The way The Return has been marketed - as a second-rate horror film, rather than the second-rate psychological thriller it is - you have to wonder who’s been choosing Sarah Michelle Gellar’s post-Buffy film projects, and whether that person will still have a job after this one’s released. It’s one thing to avoid typecasting by accepting a string of roles that require running scared from supernatural bad guys instead of kicking their asses, but for those not paying attention, it wouldn’t be hard to mistake this for another Grudge sequel.

To be fair, the film’s advertising has put forth a rather misleading representation of what it’s actually about. Though there are supernatural elements, The Return has little in common with the Grudge franchise. It’s not even a horror film in the strictest sense. While there are some jump-out-of-your-seat moments, the goal of the film is not to scare, but to keep the audience guessing.

The story drops Gellar’s character, Joanna Mills, into the middle of the dingy, backwater town of La Salle, Texas - not far from where she grew up. What her company actually sells isn’t clear, but it’s irrelevant anyway. What is important to know about Joanna is that she is on the road a lot and - much like Susan Sarandon in Thelma and Louise - she’s reluctant to return to Texas (unless, apparently, it involves a big sales contract).

The reason why is soon clear. As she gets closer to the town, she begins suffering from frequent hallucinations that seem tied to people and events she can’t clearly remember from the past. Joanna’s estranged father (Sam Shepard, wasted in an inconsequential role here) can’t provide her with any answers from her childhood, but when she is nearly assaulted by a violent co-worker (Adam Scott), she is saved by a stranger (Peter O’Brien) who may hold the key to understanding who she really is.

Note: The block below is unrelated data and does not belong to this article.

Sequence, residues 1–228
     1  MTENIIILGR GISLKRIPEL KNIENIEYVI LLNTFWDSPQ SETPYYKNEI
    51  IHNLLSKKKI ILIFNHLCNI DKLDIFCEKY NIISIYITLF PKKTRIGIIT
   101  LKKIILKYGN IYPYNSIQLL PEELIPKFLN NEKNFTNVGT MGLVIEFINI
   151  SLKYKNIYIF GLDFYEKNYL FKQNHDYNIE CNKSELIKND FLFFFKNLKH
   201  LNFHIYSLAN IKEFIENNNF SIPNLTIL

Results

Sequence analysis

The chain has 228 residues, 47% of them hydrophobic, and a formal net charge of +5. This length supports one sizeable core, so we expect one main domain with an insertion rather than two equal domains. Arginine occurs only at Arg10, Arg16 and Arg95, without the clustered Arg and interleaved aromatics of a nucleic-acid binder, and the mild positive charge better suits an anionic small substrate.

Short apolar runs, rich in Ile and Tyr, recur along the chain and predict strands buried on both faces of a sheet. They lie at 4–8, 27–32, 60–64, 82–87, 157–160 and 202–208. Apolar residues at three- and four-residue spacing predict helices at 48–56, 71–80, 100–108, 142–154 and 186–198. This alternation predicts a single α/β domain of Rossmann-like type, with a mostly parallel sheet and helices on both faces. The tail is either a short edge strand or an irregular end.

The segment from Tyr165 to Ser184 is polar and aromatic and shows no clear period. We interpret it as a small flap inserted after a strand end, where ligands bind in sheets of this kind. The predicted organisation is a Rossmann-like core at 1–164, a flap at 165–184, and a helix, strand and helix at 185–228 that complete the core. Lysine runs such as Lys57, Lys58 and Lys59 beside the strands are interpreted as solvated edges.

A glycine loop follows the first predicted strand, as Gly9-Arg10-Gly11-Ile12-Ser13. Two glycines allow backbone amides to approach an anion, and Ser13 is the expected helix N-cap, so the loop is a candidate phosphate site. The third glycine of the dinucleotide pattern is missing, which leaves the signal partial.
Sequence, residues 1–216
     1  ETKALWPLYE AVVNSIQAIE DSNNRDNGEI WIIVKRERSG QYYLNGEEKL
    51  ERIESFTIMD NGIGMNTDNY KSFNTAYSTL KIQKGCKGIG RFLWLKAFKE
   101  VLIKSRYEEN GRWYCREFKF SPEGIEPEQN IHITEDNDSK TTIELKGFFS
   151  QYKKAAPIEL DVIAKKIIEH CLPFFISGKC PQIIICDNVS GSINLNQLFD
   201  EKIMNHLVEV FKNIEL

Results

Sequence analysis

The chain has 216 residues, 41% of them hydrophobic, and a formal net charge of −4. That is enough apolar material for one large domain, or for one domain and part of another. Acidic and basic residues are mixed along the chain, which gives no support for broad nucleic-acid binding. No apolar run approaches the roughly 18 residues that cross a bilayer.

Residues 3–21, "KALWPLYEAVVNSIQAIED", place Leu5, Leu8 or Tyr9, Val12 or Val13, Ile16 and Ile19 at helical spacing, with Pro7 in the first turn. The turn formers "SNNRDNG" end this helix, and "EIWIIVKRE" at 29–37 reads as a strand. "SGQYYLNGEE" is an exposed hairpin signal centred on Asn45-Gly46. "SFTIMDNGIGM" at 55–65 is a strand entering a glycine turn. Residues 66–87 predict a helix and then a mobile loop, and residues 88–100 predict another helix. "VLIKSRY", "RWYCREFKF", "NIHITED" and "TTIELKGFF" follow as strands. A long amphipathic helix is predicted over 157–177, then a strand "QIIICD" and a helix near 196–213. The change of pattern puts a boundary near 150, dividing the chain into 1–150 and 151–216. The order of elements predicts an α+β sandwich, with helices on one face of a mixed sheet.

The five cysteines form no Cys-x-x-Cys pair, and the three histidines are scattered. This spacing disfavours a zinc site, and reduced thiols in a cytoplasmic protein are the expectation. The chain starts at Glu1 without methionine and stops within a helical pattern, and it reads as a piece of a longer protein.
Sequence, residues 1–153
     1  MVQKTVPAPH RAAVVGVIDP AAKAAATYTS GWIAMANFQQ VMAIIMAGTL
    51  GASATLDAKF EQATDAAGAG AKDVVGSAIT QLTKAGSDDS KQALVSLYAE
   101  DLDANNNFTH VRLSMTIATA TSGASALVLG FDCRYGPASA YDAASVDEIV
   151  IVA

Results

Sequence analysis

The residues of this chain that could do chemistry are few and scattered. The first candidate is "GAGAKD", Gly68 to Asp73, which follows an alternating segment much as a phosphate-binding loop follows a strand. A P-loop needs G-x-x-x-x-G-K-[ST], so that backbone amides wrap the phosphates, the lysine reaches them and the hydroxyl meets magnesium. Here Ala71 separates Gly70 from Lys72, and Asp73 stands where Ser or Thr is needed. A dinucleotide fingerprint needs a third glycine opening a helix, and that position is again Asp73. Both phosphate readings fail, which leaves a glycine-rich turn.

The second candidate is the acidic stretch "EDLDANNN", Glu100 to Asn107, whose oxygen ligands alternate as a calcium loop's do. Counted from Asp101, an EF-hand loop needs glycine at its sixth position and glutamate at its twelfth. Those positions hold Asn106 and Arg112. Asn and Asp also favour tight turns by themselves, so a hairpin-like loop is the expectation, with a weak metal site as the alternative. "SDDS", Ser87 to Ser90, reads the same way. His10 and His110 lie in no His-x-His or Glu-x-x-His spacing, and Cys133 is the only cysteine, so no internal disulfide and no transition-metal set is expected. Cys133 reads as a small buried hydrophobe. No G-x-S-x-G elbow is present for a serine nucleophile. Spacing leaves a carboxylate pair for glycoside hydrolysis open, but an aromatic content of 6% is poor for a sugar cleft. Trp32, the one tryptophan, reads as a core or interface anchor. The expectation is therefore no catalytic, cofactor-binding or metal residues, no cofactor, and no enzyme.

As the film’s singular bankable star, Gellar is given the thankless task of holding it all together, but this might have been too much to ask. She spends most of the 85-minute running time (though it feels a lot longer, never a good sign) alternating between the emotions of fright and bewilderment. It’s not entirely Gellar’s fault, as she’s not given much else to do. Neither is O’Brien, ostensibly the male lead, who may very well possess more than an ounce of charisma in other roles, but shows no evidence of that here.

British director Asif Kapadia (The Warrior) employs a muted color palette and shaky camera movements to give the film a feeling that is at once immediate and nostalgic. The rustic landscape is rendered with a stylish eye, but the visuals suffer from a lack of visceral imagery and unfortunately can’t rely on the rather average script to create much of an impact. While not a wholly unpleasant viewing experience, The Return isn’t a film that will stick with audiences, or stick around in theaters for long. But then, as far as Gellar’s continuing film career is concerned, that may be a good thing.